Second, it’s clear that the UK Government wants public money to used to deliver things that the public will wants/needs. Mr Gove said “this Government has pledged that when we leave the EU we will match the £3 billion that farmers currently receive in support from the CAP until 2022. And I want to ensure that we go on generously supporting farmers for many more years to come. But that support can only be argued for against other competing public goods if the environmental benefits of that spending are clear.” He went on to say “we need to take the opportunity that being outside the Common Agricultural Policy will give us to use public money to reward environmentally-responsible land use” and“understanding how to create and protect habitats should be as much a part of good farming as understanding the latest crop and soil science.”
Lake Vyrnwy (Eleanor Bentnall rspb-images.com)
Our work with farmers has shown that well-designed, well funded agri-environment schemes can help recover farmland wildlife. This week, at the Royal Welsh Show (which is where I am today), we launched as part of Wales Environment Link, ‘A Sustainable Land Management vision for Wales’ (here). This includes the recommendation for a new Sustainable Land Management Contract that supports land managers to restore nature and manage natural resources soundly. This chimes with thinking from the CLA who also promote a Land Management Contract concept. So, there is emerging consensus that environmental public goods provide the central logic for public investment in the countryside.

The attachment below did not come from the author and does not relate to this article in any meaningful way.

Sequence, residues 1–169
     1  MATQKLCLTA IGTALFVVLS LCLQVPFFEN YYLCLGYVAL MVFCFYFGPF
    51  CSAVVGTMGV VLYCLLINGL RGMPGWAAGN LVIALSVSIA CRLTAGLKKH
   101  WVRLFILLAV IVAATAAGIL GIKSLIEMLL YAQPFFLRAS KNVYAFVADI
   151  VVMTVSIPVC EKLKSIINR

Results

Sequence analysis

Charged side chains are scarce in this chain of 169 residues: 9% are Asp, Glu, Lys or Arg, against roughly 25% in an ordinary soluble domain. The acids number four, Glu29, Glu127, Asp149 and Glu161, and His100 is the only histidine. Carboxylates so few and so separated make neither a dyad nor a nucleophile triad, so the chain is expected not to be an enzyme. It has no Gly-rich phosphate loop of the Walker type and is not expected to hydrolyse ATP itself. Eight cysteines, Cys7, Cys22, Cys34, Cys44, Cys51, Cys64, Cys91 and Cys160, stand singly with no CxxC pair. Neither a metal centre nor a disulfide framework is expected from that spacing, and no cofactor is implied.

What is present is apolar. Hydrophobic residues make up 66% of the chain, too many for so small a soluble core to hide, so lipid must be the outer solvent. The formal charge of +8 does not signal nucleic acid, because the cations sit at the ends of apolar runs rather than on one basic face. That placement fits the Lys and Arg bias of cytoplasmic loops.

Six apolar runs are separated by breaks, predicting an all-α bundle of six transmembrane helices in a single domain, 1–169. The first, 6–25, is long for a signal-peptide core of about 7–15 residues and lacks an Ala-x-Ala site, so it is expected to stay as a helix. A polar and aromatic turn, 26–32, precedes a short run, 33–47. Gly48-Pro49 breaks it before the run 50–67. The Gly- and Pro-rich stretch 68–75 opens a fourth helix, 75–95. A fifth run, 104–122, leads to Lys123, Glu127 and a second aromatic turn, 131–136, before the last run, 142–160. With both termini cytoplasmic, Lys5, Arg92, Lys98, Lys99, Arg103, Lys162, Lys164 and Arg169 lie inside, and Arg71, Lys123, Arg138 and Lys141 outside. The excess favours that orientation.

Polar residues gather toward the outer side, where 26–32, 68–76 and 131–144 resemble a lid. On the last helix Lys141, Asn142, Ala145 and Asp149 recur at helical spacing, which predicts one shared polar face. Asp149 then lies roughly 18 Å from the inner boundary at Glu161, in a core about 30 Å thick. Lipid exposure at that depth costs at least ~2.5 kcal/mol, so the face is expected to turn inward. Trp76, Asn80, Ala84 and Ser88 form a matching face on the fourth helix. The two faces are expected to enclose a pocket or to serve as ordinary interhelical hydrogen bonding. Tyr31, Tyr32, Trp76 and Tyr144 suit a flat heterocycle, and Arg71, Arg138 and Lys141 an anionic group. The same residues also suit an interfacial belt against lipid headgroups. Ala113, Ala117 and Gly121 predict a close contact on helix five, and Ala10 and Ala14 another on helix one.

This all sounds good, but there are at least a couple of bear traps.
First, emerging farming policy must be made to work for all parts of the UK. Given the current devolution settlement, there is a a clear need for cooperation between the governments of the UK after we leave the EU. This should mean the UK Government engaging with the devolved administrations, and developing a shared approach through consensus.
Second, we need to think about how future farming policy might affect different parts of the farming sector. Michael Gove said that “ support for farmers in areas like the Lake District, upland Wales or the Scottish borders is critical to keeping our countryside healthy. Indeed, whether it’s hill farmers or island crofters, or those running small family farms in England and Northern Ireland, there is a need to ensure that the human ecology of rural areas is protected”.
The RSPB cares about what happens to our rural communities. Many of our staff and volunteers live and work in them. We think is vital that a future policy rewards those High Nature Value farming systems that currently get the worst deal, despite delivering the most from an environmental perspective. This may mean maintaining current farming practices and rewarding them accordingly for what they provide.